“The style of the gardens sprung from the design of the house,” she says. “Normally I like everything to look like it belongs on Martha’s Vineyard, but they created an amazing sanctuary and achieved a formality that seems low-key.”

Wayne Smith

Pointing out that at The Folly, the garden is the “entire property,” Schwier, even after twenty-five years in the business, marvels at the many separate environments that compose the whole. “And it’s ever-changing,” she adds. “Friederike can’t stop creating.”

The landscape, inspired by both formal and more rustic Italian gardens, is a blend of precisely trimmed hedges, fountains, winding paths, and arbors
covered with flowering vines. Native Mediterranean plants – boxwood, citrus, and herbs – are present, as well as the heavy concrete urns, pots, patios, pergolas, a pavilion, and statuary that so typify Italian Renaissance gardens. Wrought iron gates and stair railings by Island artisan Whit Hanschka dot the grounds.

The couple’s frequent travels, including trips to such far-flung destinations as Myanmar, Dubai, Russia, and throughout Europe and Africa, have yielded a treasure trove of collectibles. “I always know where I’ll put the things I buy,” she says, speaking of the many decorative accessories, paintings, and rugs she has purchased around the world. “We have a bucket list of destinations and would love to see more of Russia. It’s easy to return to places you love,” she observes. “You have to stretch yourself. We like to try one new place a year.”

Friederike attends the annual Garden Sculpture and Antiques Fair at the New York Botanical Garden (where she serves on the board) and an antique garden statuary show in Connecticut in search of new finds. She also cites part-time Edgartown resident Barbara Israel, an expert in garden ornamentation, as a proven resource.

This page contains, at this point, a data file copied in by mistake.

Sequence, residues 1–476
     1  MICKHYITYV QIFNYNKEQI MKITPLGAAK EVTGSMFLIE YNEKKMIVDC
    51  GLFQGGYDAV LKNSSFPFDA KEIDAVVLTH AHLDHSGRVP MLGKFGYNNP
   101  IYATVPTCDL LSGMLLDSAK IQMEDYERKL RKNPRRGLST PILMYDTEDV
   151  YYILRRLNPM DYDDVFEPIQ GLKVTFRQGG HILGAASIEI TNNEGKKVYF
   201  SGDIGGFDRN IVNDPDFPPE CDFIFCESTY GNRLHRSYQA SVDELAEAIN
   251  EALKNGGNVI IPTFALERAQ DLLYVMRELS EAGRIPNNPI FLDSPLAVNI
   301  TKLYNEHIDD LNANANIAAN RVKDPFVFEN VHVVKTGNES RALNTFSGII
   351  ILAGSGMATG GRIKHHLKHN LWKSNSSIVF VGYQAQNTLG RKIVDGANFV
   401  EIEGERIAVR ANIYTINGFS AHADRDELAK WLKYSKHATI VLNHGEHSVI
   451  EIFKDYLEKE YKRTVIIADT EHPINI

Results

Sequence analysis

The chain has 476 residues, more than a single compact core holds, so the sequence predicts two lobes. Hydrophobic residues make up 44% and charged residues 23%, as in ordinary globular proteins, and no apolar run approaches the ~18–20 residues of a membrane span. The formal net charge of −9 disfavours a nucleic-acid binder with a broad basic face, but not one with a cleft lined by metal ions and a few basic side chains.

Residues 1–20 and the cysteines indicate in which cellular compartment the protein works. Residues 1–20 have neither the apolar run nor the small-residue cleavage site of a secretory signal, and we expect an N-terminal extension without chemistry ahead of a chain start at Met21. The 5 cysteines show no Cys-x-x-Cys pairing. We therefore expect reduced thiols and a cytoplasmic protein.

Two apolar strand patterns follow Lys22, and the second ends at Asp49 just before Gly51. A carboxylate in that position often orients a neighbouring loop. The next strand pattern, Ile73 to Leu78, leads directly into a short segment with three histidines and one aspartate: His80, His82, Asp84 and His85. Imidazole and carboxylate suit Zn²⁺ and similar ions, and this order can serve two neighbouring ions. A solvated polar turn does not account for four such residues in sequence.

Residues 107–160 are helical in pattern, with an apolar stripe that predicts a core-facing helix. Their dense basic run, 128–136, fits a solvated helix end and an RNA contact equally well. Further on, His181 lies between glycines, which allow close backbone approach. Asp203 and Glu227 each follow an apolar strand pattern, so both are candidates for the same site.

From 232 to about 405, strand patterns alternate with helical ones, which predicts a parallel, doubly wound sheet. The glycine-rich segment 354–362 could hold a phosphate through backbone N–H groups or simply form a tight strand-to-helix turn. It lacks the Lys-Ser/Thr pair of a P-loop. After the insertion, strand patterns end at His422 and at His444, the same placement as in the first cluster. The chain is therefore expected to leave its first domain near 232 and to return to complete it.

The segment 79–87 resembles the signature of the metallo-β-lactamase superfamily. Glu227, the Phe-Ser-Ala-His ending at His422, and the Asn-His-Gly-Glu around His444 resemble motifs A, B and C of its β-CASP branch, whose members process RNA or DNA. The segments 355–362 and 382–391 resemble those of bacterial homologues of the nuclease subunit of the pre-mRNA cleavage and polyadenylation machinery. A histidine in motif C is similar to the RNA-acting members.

While their primary home is on Manhattan’s Upper East Side, Friederike and Jeremy view The Folly as a cherished escape from their busy lives in the city. Summers are a time to welcome visiting friends and family, as well as to open their home for occasional philanthropic events. A generous supporter of The Vineyard Playhouse and many other nonprofits on the Island and in New York, Friederike states simply: “We’re so fortunate and believe in giving back.”

Jeremy and Friederike Biggs drew inspiration from formal and rustic Italian gardens.

They utilize their Vineyard retreat year-round, returning monthly throughout the off-season and spending holidays at The Folly. The pool, bocce court, and
magnificent croquet lawn add to the property’s festive air during the summer, a time of year that both Jeremy and Friederike relish.

Jeremy says that he particularly enjoys the Vineyard’s sunshine, relative peacefulness, long days, and beautiful sunsets during the season, while Friederike admits that her favorite time is really the early autumn. “The Island is quieter – we still have many friends [here] and, although I hate to see the summer go, it is a time of tranquility to be enjoyed as often as possible, for we know that winter will be coming.”

“Live like it’s heaven on earth,” reads a hand-lettered inspirational quote on Jeremy’s library ceiling. The Folly, with its unique blend of rustic antiquity and playful charm, makes that exhortation eminently possible.